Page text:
The 4350water Blog highlights some of the issues relating to proposals for potable reuse in Toowoomba and South East Qld. 4350water blog looks at related political issues as well.

Thursday, March 05, 2009

WA debate heats up - Recycled sewage — a taste of the future ...

Recycled sewage — a taste of the future

5 March 2009

Are we prepared to drink our own bodily wastes, no matter how highly purified? That was the simple question posed by a report on page two of this newspaper on Saturday.

There’s a view among some newspaper people that page two can be a bit of a graveyard for good stories, so that could explain why Alana Buckley-Carr’s exclusive report has not caused the public outcry some might have expected. The newspaper had received only one letter to the editor by yesterday.

The proposal is contained in
a draft policy released yesterday under which the Water Corporation sets a target of recycling 30 per cent of Perth’s waste water by 2030 and as much as 60 per cent by 2060.

The treated sewage would be pumped into groundwater aquifers and would eventually find its way back into the domestic supply.

Now maybe the issue was overlooked last Saturday, maybe 2030 seems a long way away, maybe people were waiting for the report to be released — it’s open for public comment until May 15 — or maybe no one really cares anymore.

But when this matter has been raised in other parts of Australia, it has created great passions.

Back in 2006, it split the Queensland city of Toowoomba in a bitter debate. A referendum of its 100,000 residents eventually rejected the plan by 62 per cent after a strong No campaign led by millionaire property developer and former mayor Clive Berghofer.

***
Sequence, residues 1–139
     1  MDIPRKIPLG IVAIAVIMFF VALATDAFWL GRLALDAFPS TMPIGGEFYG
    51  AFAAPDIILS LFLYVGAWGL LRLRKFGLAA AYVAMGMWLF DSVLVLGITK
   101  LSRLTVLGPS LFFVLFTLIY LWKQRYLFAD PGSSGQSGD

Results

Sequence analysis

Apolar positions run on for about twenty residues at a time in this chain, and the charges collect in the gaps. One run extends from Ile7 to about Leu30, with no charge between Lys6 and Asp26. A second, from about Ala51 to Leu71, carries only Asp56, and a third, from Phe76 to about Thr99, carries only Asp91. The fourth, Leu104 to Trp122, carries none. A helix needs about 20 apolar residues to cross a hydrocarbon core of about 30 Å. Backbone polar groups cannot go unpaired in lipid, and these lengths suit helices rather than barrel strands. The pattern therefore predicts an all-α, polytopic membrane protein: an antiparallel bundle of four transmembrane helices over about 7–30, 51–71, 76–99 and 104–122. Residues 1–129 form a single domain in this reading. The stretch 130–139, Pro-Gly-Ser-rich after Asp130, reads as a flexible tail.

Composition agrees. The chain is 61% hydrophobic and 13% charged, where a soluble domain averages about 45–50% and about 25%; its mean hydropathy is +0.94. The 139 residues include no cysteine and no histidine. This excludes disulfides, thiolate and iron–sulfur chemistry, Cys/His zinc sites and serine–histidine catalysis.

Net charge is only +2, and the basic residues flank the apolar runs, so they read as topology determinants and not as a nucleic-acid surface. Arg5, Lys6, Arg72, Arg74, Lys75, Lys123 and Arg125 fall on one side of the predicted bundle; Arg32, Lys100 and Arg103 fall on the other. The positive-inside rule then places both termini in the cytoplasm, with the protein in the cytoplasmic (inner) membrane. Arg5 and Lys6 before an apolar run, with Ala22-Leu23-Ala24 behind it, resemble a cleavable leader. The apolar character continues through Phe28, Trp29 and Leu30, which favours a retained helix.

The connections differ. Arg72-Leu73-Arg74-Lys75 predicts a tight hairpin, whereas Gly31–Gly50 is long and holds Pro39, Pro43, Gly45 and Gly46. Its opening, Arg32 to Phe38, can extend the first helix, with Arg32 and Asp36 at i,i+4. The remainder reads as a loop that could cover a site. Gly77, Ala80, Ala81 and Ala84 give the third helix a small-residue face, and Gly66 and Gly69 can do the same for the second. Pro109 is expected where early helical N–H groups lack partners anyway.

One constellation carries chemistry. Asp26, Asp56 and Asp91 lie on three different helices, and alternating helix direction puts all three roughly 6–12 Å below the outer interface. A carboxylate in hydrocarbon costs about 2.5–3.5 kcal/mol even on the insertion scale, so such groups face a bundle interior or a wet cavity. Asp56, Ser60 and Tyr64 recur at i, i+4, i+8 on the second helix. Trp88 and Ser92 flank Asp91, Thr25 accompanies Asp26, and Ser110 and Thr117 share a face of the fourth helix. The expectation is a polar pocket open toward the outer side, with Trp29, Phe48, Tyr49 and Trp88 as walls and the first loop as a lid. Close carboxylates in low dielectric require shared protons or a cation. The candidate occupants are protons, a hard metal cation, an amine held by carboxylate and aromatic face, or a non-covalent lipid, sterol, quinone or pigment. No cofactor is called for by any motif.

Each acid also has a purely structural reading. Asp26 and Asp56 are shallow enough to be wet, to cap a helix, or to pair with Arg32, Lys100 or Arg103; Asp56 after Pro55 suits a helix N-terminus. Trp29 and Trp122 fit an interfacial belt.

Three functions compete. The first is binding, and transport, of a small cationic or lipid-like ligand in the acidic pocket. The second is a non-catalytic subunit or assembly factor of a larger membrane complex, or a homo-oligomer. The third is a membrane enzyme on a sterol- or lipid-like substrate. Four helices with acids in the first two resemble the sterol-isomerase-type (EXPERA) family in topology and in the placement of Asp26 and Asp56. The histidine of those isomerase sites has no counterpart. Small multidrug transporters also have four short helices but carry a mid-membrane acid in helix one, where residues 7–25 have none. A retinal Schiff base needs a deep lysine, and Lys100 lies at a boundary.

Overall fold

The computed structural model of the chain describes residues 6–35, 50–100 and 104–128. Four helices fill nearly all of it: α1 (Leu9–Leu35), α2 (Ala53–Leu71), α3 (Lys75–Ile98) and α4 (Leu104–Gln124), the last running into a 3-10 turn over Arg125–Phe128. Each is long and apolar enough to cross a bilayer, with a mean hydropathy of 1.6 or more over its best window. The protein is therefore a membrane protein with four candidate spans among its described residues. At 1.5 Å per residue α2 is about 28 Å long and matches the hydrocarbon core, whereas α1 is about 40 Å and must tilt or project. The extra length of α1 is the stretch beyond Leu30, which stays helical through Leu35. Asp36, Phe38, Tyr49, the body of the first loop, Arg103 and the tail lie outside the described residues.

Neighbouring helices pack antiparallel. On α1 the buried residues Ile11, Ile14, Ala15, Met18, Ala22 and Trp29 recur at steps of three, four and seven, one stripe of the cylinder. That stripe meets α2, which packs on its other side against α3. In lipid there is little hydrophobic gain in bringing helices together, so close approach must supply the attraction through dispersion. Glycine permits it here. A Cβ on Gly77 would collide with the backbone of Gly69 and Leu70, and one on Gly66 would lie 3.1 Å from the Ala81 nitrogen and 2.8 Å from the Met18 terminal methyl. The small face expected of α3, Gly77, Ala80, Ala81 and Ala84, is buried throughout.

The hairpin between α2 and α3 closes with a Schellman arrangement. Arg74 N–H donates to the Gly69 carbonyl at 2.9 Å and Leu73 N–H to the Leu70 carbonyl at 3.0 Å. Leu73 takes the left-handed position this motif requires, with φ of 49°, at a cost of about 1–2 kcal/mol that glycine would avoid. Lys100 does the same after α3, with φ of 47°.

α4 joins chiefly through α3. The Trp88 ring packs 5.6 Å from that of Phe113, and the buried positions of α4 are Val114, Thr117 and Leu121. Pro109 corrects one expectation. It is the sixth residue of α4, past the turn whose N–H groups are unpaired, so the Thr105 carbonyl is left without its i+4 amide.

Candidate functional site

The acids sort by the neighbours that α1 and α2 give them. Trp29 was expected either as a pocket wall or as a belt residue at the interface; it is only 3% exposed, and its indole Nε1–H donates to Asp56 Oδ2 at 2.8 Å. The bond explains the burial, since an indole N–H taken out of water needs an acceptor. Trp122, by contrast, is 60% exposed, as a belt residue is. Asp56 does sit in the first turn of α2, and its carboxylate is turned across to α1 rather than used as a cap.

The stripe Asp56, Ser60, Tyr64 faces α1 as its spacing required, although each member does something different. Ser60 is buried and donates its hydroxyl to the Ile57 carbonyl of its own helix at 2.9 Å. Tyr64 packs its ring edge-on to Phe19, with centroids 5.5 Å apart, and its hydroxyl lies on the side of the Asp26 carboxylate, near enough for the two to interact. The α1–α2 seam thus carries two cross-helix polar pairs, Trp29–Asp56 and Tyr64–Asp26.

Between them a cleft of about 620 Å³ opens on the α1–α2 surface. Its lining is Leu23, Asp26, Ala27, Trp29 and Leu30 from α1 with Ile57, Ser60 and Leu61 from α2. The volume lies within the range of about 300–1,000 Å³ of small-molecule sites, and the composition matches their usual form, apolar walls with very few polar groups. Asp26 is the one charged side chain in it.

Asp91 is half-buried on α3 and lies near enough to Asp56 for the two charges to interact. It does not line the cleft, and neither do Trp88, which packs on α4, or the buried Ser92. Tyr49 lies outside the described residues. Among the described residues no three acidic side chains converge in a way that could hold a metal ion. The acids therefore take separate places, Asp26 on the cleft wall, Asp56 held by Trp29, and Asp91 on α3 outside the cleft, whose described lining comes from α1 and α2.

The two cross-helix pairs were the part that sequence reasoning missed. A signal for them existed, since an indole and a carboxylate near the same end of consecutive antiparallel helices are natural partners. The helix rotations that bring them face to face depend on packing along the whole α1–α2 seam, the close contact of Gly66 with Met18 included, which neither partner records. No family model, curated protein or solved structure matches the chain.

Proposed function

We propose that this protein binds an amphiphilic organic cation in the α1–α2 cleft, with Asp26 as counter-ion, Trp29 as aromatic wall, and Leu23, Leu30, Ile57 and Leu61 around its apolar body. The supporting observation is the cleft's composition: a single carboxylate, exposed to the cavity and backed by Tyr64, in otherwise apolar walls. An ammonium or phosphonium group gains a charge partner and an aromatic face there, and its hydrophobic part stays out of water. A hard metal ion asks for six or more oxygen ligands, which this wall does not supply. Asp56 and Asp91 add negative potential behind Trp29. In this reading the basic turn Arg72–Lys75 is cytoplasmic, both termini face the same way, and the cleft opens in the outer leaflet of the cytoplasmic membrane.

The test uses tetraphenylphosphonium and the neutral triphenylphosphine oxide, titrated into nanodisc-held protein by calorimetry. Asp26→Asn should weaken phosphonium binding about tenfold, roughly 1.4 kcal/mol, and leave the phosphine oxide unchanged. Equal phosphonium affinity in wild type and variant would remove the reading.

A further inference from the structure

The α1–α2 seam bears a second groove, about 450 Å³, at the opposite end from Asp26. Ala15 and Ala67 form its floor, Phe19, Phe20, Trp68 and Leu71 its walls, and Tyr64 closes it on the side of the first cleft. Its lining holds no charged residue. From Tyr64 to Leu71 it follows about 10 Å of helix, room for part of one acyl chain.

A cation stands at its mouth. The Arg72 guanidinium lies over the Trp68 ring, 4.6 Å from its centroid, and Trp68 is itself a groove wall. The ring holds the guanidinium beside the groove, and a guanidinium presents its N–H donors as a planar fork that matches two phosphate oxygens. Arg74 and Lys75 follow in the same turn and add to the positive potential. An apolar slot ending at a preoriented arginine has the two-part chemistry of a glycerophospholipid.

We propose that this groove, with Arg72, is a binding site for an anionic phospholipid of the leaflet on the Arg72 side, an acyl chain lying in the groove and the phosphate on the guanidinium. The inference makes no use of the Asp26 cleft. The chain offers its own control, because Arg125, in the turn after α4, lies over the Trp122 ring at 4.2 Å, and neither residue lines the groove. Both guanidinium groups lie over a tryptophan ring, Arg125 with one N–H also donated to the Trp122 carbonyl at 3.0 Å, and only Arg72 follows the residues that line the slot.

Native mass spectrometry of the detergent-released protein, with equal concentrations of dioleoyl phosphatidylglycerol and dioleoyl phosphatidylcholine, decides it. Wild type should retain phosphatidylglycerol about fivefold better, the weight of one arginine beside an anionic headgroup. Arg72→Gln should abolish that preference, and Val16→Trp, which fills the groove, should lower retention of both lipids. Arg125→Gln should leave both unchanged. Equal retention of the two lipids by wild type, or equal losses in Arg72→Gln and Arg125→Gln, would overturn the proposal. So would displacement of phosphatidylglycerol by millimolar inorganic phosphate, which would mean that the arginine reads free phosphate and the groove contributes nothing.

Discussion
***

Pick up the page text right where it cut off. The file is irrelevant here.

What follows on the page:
“We had the image of a garden city here with carnival of flowers,” Mr Berghofer said. “You go round Australia and now it’s Poowoomba. And that’s not good for our image.”

One of the biggest issues to emerge in the saga was a scare campaign built around concerns that bacterial and viral pathogens cannot be eliminated from wastewater.

Queensland Premier Anna Bligh is running away from plans to put recycled water into Brisbane’s main dam in the face of public unrest as she tries to win a knife-edge early election.

WA’s new Water Forever plan notes that most people in the community now believe that a long-term, sustained focus on using less water is central to living with less rainfall. “Since 2001, the average water use per person has decreased by 20 per cent,” the report says. “This translates to a saving of approximately 61 gigalitres of water over the last seven years.”

As impressive as that might sound, when the Water Corporation calculates our needs against assumptions of reduced rainfall and population growth, it comes up with the figure of an extra 120 gigalitres a year needed by 2030 — more than 40 per cent of our current use.

By 2060, Perth and connected towns will need an additional 365 gigalitres a year. However, the Water Corporation says it can meet that target by reducing the amount of water used, recycling more water and developing new water sources.

From my point of view, I’d be happier with extensive recycling into the domestic supply than increased desalination, if the health issues are irrefutably settled.

Dependence on desalination just highlights the unsustainability of big numbers of people in a place where the climate can no longer support them. And the previous government’s attempted deception that the first desalination plant did not depend on fossil fuel, a clear indicator of unsustainability, still rankles.

A sustainability index in the new report lists desalination as second last of the seven available water source options.

Water Forever proposes the expansion of the three existing wastewater treatment plants at Beenyup, Subiaco and Woodman Point and two new ones, at Alkimos and East Rockingham. It suggests four plants in the Mandurah area could be consolidated into two.